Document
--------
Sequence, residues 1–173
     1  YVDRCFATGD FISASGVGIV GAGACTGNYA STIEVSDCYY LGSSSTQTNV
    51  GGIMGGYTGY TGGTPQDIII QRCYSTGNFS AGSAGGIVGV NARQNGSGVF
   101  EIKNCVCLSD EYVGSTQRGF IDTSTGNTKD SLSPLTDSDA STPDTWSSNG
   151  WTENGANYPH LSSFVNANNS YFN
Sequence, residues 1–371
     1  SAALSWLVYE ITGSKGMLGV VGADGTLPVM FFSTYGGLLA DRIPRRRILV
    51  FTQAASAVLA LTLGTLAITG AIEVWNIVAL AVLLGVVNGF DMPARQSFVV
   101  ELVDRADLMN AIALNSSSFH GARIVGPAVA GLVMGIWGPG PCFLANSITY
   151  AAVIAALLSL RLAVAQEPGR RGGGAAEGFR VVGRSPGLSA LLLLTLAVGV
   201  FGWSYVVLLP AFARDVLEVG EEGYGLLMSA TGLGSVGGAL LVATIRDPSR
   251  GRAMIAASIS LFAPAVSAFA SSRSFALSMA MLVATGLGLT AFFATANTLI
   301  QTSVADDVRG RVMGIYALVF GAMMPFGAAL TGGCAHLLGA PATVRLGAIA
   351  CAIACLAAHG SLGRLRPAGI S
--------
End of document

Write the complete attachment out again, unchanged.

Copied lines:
Sequence, residues 1–173
     1  YVDRCFATGD FISASGVGIV GAGACTGNYA STIEVSDCYY LGSSSTQTNV
    51  GGIMGGYTGY TGGTPQDIII QRCYSTGNFS AGSAGGIVGV NARQNGSGVF
   101  EIKNCVCLSD EYVGSTQRGF IDTSTGNTKD SLSPLTDSDA STPDTWSSNG
   151  WTENGANYPH LSSFVNANNS YFN
Sequence, residues 1–371
     1  SAALSWLVYE ITGSKGMLGV VGADGTLPVM FFSTYGGLLA DRIPRRRILV
    51  FTQAASAVLA LTLGTLAITG AIEVWNIVAL AVLLGVVNGF DMPARQSFVV
   101  ELVDRADLMN AIALNSSSFH GARIVGPAVA GLVMGIWGPG PCFLANSITY
   151  AAVIAALLSL RLAVAQEPGR RGGGAAEGFR VVGRSPGLSA LLLLTLAVGV
   201  FGWSYVVLLP AFARDVLEVG EEGYGLLMSA TGLGSVGGAL LVATIRDPSR
   251  GRAMIAASIS LFAPAVSAFA SSRSFALSMA MLVATGLGLT AFFATANTLI
   301  QTSVADDVRG RVMGIYALVF GAMMPFGAAL TGGCAHLLGA PATVRLGAIA
   351  CAIACLAAHG SLGRLRPAGI S